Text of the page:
Another Time, Another Life is a marvellous book. Part of a trilogy subtitled “The story of a crime”, it begins with a terrorist attack on the German embassy in Stockholm in 1975. This was the year that the last Martin Beck book, The Terrorists, by Maj Sjowall and Per Wahloo, was published in English translation; as might be expected from the use of the same overarching title, Persson’s first section directly continues the themes of this novel, both in content and in style. Based on a true event, some young radicals manage to get into the embassy and take some people hostage: the police and authorities are taken unawares, but in the end cannot investigate the crime as government ministers do a hasty deal to return the surviving perpetrators to their native Germany. There are one or two loose ends, however, concerning the local support that the terrorists must have received.
The presentation of this first, short section of the book is so distinctive, setting the tone for the rest. It is measured and sober, describing enormities of violence, procedural deficiencies, and institutional stupidities in dispassionate terms, allowing the reader to absorb their full impact. The author’s refusal to be overtly opinionated at first gives his words a face-value authority, but as the book progresses one sees the extent to which the author is wooing the reader to his particular subversive perception of his country’s criminal justice system.
After the end of the embassy siege, the action moves forward to the autumn of 1989, and a murder investigation by the Stockholm police, under the command of the odious DI Backstrom. The lead detectives, Bo Jarnebring and Anna Holt, conduct an impeccable investigation into the murder of a government statistician in his apartment, but Backstrom continually undermines them by stealing liquor from the murder scene and, more importantly, by his inherent, longstanding but evidence-free conviction that the victim was gay and that the murder was a squalid crime of passion.
The crime investigation ultimately seems to lead nowhere, and the book shifts into another “Another Time” section describing the events leading up to the fall of the Berlin Wall and the origins of the Swedish secret police organisation SePo. Slowly and cleverly, all the themes raised in the novel converge, in terms of international and national spy-politics, in terms of some individuals on either side of the law, and in terms of the two main crimes whose investigations are described with such thoroughness.
In parallel with these accounts, Persson conveys something of the inner thoughts and machinations of his principal characters, some in the “public facing” police force and some in the “private” branch of SePo. The full degree of the author’s indictment of the way in which his country is run behind the scenes is simply brilliantly conveyed, a superb extension and development of the ten-novel “story of a crime” – post-war Swedish society – depicted by Sjowall and Wahloo. The intelligence, thoughtfulness and tension delivered in Persson’s novel are rarely encountered in crime fiction (or probably any fiction), as the author shows how the “solution” to a crime is only the beginning of the story.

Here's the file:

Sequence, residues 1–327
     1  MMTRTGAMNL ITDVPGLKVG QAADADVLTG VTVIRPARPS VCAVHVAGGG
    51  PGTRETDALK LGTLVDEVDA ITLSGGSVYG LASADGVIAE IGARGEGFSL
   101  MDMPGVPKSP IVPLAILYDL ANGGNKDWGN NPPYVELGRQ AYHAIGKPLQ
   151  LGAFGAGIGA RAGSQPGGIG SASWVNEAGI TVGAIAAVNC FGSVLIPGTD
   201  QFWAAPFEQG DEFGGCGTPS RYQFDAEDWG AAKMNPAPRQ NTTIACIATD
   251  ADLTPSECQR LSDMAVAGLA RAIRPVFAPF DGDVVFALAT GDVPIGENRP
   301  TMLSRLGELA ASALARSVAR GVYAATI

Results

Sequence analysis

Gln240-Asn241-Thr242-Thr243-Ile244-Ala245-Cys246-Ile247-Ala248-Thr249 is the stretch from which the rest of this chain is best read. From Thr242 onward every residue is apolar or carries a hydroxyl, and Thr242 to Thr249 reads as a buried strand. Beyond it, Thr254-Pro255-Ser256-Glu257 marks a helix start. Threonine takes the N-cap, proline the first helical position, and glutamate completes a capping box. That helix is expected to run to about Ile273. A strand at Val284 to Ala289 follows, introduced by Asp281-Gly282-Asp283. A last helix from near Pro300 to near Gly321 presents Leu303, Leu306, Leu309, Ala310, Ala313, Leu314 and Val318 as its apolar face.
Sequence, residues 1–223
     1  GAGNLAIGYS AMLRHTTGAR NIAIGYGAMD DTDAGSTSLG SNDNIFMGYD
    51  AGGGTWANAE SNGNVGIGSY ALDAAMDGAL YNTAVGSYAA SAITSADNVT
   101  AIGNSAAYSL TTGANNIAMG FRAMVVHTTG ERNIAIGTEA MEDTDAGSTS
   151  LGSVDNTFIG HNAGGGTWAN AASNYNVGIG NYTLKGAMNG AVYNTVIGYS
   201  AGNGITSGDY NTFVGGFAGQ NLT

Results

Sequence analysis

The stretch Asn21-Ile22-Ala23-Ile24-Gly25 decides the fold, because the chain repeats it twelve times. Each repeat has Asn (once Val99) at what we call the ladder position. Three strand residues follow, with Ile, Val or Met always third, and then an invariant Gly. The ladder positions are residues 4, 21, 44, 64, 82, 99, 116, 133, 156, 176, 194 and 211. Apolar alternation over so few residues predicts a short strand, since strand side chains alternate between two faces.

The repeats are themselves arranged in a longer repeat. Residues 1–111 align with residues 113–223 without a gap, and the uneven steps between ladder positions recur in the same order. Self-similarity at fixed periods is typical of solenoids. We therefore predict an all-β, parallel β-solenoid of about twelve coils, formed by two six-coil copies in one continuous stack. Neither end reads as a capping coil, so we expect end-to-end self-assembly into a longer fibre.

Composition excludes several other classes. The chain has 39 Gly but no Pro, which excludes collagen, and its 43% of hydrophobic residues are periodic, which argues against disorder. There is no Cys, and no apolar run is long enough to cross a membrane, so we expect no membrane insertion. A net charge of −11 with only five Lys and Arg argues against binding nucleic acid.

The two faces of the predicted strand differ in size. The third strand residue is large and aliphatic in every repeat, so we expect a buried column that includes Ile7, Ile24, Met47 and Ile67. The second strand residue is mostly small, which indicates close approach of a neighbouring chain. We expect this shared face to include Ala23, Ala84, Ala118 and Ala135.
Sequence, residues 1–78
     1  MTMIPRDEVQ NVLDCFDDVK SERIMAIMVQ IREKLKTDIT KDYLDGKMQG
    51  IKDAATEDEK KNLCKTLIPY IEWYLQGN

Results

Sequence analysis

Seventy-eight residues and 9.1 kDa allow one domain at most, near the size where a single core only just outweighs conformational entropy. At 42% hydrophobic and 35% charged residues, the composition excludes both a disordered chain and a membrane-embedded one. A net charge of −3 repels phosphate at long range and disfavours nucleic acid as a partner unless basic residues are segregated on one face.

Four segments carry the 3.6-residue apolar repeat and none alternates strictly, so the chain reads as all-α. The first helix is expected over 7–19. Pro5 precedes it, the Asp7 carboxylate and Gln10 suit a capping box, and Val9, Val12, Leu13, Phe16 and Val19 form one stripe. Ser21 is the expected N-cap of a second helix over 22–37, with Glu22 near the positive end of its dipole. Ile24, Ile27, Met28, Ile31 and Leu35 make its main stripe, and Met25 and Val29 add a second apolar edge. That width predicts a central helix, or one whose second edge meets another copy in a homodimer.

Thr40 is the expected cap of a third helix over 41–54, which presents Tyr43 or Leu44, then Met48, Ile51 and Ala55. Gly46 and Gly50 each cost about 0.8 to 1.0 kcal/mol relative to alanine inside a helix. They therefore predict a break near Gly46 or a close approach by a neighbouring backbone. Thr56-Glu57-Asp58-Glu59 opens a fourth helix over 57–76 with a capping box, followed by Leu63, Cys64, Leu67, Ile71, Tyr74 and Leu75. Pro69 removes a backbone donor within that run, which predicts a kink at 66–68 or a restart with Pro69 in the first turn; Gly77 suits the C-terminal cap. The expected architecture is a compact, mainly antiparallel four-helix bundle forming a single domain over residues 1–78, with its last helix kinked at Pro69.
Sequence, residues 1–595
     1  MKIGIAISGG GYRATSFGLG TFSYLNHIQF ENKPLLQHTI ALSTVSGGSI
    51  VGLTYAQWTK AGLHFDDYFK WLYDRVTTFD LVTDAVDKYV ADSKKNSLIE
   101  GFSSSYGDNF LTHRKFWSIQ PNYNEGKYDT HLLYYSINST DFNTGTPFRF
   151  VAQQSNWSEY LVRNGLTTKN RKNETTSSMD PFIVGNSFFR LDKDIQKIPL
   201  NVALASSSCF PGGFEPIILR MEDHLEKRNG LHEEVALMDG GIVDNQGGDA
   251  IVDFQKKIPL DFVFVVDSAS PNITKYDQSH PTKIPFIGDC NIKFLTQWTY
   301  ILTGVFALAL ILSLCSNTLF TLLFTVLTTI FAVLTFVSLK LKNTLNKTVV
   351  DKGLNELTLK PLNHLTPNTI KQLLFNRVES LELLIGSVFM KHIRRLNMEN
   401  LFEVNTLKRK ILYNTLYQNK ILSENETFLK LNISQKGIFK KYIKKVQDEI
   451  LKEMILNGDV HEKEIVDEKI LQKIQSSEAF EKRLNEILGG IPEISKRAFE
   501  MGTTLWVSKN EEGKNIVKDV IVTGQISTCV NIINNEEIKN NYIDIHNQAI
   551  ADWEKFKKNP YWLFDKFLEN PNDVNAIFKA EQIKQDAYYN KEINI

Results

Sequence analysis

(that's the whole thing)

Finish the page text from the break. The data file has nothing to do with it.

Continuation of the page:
I don’t like the common tendency to liken authors to other authors, but I will do so here because this book is reminiscent of Le Carre at his best: think of Smiley’s People, which starts with an apparent “petty” crime on Hampstead Heath, then mushrooms in many unanticipated directions. Persson writes from the perspective of the police institutions and how they, and the individuals within them, have adapted to survive in the changes that have taken place (in this case) between the 1970s and the turn of the millennium. By then, the goals of the police force are even more removed from those for whom they supposedly existed to help in the first place, and those in power in the service are those who have adapted to these immoral and illegal “high level” purposes. Persson also shows his colours concerning the institutionalised sexism of the police, somewhat unclear in his earlier novel Between Summer’s Longing and Winter’s End, but here presented in an uncompromising fashion via his team of three female detectives and the inevitable comparisons readers will make with the self-interested male policemen depicted in this book.
There are many layers of subtlety in this gripping novel which I haven’t addressed in this brief review, but which I greatly appreciated – in particular the acute characterisations, including (in some cases) the disparities between people’s thoughts and actions. I can only urge you to read it. I eagerly devoured every word, even though it is a very long book. In its superb anatomy of Sweden using the police and criminal justice system as a metaphor, as well as many of the ways characters are presented and evolve, Leif Persson is the true heir of Maj Sjowall and Per Wahloo, authors of the best crime-fiction series ever written. (My reviews of nine of those ten books can be accessed at Euro Crime.)
I thank Karen for a proof copy of this novel. The UK cover of the novel is a generic “Scandinavian” picture of a person walking in the snow, which does not seem to reflect anything in the book. The lower cover image is the US version, which is aesthetically nicer and somewhat less generic.
A small point that interested me is that the name of the main victim is Kjell Eriksson, also the name of a well-known Swedish crime novelist. And the admirable female detective, Anna Holt, has a name reminiscent of Norwegian crime author (and ex-justice minister) Anne Holt.